Oil prices fall below $91 as US spending cuts loom, China manufacturing slows

NEW YORK, N.Y. – The price of oil fell to its lowest level of the year on Friday amid worrisome economic developments in the world’s two largest oil-consuming countries.

The prospect of U.S. government spending cuts raised concerns about oil demand in the world’s leading economy, while China’s manufacturing grew at its weakest rate in five months in February.

By late morning in New York, benchmark West Texas Intermediate crude for April delivery was down $1.19 to US$90.86 a barrel. Earlier, it hit a low for 2013 of $90.44.

While there have been signs of an improving U.S. economy in recent weeks, attention Friday was focused on the increasing likelihood that about $85 billion in spending cuts could start taking effect later in the day as part of an earlier budget agreement between the White House and Congress.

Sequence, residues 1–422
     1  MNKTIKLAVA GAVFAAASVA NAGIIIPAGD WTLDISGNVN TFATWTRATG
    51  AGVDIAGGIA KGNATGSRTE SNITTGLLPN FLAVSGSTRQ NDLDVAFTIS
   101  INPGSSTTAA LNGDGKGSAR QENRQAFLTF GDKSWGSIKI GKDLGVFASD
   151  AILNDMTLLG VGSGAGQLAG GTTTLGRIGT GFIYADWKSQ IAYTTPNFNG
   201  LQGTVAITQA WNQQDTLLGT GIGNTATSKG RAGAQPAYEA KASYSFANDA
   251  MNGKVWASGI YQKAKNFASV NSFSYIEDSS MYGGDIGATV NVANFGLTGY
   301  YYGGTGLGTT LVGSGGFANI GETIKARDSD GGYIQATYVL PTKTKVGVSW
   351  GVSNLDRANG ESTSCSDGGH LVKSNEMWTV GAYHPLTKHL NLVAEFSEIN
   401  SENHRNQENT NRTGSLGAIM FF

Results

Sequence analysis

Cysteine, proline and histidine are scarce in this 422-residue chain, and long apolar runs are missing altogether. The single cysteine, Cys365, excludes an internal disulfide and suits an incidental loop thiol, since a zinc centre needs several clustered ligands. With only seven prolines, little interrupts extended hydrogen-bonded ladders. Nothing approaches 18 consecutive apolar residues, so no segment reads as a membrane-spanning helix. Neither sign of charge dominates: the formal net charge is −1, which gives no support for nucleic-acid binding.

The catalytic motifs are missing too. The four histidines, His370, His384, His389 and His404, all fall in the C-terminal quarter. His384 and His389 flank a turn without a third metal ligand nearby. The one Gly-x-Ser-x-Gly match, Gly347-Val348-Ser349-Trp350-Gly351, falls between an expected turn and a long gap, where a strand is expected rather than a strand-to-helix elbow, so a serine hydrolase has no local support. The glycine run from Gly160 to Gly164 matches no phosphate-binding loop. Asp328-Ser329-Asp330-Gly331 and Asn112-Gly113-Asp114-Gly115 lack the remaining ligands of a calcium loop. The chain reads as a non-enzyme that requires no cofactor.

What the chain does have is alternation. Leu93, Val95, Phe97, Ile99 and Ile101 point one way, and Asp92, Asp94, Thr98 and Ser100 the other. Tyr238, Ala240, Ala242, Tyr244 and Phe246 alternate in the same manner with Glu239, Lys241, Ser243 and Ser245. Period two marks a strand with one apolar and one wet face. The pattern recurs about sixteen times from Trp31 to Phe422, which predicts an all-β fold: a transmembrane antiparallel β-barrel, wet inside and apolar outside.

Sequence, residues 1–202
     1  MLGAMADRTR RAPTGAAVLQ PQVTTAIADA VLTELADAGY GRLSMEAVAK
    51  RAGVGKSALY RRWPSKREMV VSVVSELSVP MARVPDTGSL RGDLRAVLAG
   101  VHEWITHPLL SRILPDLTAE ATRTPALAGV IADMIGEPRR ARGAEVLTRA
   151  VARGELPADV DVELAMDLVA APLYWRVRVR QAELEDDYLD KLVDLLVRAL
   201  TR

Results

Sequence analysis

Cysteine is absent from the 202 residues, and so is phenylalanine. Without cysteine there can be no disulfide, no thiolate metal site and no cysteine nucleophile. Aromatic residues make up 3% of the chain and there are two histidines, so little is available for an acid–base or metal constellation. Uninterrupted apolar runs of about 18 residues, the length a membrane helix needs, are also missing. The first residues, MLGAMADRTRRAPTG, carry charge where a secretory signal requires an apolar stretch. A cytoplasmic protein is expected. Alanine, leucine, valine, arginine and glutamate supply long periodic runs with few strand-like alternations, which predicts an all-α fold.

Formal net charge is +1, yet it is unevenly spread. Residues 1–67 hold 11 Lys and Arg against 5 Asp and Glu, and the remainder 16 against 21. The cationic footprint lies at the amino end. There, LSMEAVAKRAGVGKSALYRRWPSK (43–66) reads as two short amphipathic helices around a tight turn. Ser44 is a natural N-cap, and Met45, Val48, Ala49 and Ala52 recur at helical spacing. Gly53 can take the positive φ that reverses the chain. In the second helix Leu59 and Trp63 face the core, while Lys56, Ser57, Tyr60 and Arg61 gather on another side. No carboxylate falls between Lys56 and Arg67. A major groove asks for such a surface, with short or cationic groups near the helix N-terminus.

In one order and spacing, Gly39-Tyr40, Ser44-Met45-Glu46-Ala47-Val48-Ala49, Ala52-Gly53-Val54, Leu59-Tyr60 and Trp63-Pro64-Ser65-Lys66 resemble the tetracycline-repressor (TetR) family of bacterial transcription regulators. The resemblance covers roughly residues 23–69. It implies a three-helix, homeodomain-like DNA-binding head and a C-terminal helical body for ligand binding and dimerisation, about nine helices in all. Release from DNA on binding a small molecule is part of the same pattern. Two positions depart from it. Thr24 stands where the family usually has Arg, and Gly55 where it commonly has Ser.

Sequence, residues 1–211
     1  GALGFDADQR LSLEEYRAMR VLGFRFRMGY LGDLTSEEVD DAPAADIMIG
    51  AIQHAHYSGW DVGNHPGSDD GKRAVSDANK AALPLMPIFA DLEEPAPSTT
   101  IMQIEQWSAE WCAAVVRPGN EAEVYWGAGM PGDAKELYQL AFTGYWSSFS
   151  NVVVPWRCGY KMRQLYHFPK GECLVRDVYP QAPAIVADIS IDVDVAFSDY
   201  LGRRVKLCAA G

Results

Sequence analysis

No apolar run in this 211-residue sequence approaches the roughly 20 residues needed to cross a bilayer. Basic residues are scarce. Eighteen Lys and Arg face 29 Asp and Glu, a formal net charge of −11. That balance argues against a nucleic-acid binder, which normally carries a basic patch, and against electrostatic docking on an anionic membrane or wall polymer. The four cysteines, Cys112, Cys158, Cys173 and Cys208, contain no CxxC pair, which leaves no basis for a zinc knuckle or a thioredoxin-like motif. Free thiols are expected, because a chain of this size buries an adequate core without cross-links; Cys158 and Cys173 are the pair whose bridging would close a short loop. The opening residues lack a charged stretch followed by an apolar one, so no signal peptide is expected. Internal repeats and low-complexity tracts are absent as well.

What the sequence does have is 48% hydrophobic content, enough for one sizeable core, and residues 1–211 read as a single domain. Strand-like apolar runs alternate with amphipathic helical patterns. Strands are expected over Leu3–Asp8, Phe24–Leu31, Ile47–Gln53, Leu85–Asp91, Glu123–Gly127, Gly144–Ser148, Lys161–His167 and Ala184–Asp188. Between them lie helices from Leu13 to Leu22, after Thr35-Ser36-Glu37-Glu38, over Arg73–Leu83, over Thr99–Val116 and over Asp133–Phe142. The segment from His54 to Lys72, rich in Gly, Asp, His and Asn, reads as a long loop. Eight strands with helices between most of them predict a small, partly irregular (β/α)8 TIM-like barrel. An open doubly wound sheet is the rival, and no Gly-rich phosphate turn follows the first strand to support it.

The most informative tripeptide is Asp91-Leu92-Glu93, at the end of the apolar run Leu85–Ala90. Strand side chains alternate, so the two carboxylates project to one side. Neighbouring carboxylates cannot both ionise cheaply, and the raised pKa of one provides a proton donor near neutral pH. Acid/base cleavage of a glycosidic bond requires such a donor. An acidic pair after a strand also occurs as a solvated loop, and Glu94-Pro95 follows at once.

The International Monetary Fund has predicted that the spending cuts could reduce U.S. growth by some 0.5 percentage points in 2013.

In China two surveys showed that manufacturing growth slowed last month as demand faltered and factories shut down for the Lunar New Year holiday.

Brent crude, used to price many kinds of oil imported by U.S. refineries, was down 71 cents at US$110.67 a barrel on the ICE Futures exchange In London. That’s close to Brent’s low for the year.

In other energy futures trading on the Nymex, wholesale gasoline fell one cent to US$3.10 a U.S. gallon (3.79 litres), heating oil lost two cents to US$2.93 a gallon and natural gas rose two cents to $3.50 per 1,000 cubic feet.